SUNDAY, MAR. 15, 2020 | SOUTH ON MAIN [1304 Main St., Little Rock]
7:00 PM—The Oxford American is excited to welcome John Moreland to the South on Main stage, with support by Arkansas-native Justin Peter Kinkel-Schuster! Doors open at 5:00 PM, with dinner and drinks available for purchase at that time. This show is a special addition to our 2019-2020 Concert Series and is made possible in part by Downtown Little Rock Partnership.
Tickets are $30 (General Admission), $34 (Reserved), and $36 (Premium Reserved)—available via Metrotix.com or (800) 293-5949.
Over the last half a dozen years or so, John Moreland’s honesty has stunned––and stung. Today, his earthbound poetry remains potent, but in addition to his world-weary candor, Moreland’s music smolders with gentle wisdom, flashes of wit and joy, and compassion.
Out February 2020, his latest album, LP5, is a masterful display of songwriting by one of today’s best young practitioners of the art form. The album’s experimentations with instrumentation and sounds capture an artist whose confidence has grown, all without abandoning the hardy roots rock bed and the lyrics-first approach Moreland’s work demands.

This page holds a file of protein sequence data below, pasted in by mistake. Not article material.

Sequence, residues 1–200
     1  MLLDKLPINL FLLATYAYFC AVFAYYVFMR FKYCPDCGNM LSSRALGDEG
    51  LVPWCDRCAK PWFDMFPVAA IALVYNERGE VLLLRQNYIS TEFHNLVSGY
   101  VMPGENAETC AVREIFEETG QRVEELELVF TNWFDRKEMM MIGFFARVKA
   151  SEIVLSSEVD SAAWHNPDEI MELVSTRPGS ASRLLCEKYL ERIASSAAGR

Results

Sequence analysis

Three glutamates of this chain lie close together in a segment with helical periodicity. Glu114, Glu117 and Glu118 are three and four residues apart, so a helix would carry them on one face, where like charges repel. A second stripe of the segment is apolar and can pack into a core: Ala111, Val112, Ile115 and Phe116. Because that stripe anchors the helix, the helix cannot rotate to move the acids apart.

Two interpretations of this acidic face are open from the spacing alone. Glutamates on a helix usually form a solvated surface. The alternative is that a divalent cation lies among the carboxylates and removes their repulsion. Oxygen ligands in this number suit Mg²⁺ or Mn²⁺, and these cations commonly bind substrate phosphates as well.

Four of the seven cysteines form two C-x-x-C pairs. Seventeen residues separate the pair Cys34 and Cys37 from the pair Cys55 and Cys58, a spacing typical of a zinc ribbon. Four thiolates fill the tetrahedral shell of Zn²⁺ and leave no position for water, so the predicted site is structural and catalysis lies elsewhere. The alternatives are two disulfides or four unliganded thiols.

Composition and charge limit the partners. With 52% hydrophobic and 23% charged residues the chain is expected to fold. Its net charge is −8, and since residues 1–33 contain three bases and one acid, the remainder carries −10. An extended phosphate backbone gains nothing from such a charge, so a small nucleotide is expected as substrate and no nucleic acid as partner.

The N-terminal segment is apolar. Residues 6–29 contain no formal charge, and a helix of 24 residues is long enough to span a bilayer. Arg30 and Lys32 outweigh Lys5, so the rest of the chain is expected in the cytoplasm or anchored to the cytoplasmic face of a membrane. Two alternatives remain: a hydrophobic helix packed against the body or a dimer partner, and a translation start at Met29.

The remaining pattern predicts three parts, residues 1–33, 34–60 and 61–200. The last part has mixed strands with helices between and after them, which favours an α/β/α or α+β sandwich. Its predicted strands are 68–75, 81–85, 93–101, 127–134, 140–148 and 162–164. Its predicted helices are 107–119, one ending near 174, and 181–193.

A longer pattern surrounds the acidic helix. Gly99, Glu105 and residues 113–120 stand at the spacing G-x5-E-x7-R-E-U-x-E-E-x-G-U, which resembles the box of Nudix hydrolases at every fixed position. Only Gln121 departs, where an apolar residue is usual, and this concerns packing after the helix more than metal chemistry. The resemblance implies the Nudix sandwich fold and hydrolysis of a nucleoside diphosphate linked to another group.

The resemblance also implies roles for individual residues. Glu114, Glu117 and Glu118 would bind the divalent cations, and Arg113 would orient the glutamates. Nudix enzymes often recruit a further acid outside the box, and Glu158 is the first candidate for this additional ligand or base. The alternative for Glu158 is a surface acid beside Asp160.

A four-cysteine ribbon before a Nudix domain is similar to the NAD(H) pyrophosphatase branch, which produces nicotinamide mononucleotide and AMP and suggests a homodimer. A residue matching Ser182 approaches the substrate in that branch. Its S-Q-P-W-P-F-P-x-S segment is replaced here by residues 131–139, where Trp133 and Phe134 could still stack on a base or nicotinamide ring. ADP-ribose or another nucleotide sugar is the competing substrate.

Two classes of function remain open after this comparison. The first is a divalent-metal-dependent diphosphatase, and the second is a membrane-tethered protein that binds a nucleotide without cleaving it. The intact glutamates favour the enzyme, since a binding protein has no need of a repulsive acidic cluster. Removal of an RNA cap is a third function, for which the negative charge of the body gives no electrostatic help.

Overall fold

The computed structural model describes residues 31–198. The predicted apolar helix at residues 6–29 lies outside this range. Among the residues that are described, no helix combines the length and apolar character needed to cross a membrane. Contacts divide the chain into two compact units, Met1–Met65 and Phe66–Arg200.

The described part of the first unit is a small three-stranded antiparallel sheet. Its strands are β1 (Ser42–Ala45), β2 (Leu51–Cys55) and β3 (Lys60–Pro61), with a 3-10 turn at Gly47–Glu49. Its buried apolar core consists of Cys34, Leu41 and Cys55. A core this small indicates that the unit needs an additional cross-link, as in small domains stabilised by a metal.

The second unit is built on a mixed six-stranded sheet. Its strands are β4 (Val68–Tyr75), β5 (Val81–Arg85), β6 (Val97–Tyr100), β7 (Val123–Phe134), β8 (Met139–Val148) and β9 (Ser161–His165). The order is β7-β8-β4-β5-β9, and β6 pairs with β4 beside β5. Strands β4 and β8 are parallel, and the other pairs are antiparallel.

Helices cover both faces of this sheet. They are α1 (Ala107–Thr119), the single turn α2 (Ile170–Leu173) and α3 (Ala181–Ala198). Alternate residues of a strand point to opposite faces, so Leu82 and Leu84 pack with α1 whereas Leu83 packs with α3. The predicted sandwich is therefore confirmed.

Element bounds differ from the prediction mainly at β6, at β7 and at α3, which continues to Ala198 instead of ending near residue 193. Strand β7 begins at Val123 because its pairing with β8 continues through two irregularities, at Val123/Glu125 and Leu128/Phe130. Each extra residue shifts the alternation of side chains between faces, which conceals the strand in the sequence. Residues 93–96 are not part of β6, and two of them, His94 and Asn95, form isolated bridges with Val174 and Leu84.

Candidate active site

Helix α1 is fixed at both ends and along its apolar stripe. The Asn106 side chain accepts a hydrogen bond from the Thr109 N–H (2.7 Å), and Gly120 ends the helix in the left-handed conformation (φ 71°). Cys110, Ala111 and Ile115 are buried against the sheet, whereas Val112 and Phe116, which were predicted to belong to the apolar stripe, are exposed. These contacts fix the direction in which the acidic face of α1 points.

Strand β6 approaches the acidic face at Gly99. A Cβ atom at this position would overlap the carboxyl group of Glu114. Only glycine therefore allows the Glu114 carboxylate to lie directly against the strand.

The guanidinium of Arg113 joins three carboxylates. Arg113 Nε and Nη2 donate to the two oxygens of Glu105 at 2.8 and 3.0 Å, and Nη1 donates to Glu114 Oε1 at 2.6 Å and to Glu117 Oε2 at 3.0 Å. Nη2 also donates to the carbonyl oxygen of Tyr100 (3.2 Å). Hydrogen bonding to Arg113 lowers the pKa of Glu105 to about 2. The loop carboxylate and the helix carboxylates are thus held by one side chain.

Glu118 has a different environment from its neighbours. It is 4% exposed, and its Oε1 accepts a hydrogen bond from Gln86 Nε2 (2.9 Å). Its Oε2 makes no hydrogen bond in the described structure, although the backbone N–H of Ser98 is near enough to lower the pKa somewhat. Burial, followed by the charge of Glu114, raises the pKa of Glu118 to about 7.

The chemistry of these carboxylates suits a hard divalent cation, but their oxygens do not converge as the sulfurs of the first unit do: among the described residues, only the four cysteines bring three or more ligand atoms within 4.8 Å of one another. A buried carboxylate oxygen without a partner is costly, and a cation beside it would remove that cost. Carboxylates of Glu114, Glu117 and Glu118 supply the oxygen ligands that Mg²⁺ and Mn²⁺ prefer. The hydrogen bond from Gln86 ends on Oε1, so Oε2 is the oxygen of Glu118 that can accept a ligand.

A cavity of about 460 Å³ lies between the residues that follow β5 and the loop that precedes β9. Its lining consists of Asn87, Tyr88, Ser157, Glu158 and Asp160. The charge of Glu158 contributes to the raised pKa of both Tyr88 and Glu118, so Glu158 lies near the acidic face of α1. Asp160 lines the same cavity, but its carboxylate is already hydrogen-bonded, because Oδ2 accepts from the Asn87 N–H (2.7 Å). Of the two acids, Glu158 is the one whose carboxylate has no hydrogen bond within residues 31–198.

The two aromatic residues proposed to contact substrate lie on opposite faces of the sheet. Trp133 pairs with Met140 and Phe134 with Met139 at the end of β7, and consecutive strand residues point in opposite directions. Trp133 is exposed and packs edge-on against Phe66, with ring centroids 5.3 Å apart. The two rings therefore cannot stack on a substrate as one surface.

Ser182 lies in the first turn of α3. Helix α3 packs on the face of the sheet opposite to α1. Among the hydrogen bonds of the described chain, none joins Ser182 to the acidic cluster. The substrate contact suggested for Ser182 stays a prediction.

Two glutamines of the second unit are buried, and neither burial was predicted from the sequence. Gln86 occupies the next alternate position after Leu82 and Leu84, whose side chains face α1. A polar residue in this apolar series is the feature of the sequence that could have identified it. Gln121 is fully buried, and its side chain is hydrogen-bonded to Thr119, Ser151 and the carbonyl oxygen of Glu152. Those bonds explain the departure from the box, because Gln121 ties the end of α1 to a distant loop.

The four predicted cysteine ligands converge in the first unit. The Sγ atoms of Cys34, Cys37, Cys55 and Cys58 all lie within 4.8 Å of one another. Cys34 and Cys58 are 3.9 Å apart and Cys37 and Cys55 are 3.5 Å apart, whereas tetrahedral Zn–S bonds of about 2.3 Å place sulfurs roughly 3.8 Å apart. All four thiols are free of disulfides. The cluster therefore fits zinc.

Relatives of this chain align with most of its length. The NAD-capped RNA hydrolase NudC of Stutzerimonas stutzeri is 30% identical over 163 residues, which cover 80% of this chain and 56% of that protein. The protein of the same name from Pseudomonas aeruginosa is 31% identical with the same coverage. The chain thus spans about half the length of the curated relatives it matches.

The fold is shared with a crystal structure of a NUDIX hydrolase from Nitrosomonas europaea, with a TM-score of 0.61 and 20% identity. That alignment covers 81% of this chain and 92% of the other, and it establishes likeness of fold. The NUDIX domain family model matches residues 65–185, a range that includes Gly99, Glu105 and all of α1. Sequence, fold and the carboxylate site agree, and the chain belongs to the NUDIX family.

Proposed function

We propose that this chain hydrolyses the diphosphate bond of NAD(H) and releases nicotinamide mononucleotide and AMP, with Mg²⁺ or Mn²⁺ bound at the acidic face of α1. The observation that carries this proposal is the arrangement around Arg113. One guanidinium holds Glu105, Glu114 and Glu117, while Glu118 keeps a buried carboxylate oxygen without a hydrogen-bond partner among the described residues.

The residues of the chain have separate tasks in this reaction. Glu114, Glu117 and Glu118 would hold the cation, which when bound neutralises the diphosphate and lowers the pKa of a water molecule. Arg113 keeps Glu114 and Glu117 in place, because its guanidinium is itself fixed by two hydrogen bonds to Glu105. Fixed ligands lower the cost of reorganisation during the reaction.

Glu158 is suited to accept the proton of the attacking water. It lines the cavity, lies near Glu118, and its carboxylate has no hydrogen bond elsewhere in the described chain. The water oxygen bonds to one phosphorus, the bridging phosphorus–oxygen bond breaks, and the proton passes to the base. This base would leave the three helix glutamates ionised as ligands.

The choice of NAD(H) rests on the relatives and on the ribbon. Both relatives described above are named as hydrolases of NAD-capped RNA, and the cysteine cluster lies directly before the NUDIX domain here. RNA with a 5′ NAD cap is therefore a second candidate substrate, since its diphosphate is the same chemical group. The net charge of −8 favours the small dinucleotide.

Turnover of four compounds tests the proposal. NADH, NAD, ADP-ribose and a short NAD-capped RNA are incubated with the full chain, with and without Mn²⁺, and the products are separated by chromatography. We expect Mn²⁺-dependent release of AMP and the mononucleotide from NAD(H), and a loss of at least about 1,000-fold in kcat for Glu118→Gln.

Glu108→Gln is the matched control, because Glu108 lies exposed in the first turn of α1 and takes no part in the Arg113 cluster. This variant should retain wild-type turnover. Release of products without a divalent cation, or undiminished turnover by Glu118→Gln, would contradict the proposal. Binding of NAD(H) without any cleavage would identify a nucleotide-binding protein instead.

When pressed about the hard-won wisdom and peace that seem to define LP5, Moreland is characteristically both direct and humble. “I definitely am wiser than I was five years ago––I guess anybody would hope to be wiser than they were five years ago,” he says with a laugh. “But I do feel more mellow. Settled. I don’t feel as antsy or think I’ve got to prove myself anymore. I feel really comfortable and free to just do what I want to do.”
What does a songwriter who has mined darkness do when he finds a measure of contentment?
This was the challenge that faced Fayetteville, AR songwriter Justin Peter Kinkel-Schuster when writing his new album Take Heart, Take Care. A songwriter who had success with Water Liars and Marie/Lepanto (his collaboration with Will Johnson of Centro-Matic) and has earned acclaim from NPR, Billboard, NY Times, and Paste Magazine now took time to reassess his writing process. Kinkel-Schuster, who everyone calls Pete, says, “I had, more than anything else, good things to say, and ironically I was unsure of how to say them. I’d spent so long yawping at perceived darkness both real and imagined, internal and external, that I was in a sense starting from scratch, learning to express something good in a way that didn’t feel cheap or silly or disingenuous to me.”
“It took a long time, relatively speaking,” he says, continuing, “It involved a lot more patience and consistency.” He is talking about songwriting but could be talking about the work of showing up for life. He lists the means that helped with the latter, all as if still unfolding: “Learning to stop making the same mistakes over and over. Moving to Arkansas. Meeting my partner. Finding peace and stability at home but being able to keep working. Finding a balance between all of these things. Being sober for a number of years and working on upkeep.”
So what does a songwriter do when he finds contentment? He tries to pass on what he knows in hopes of helping the next person.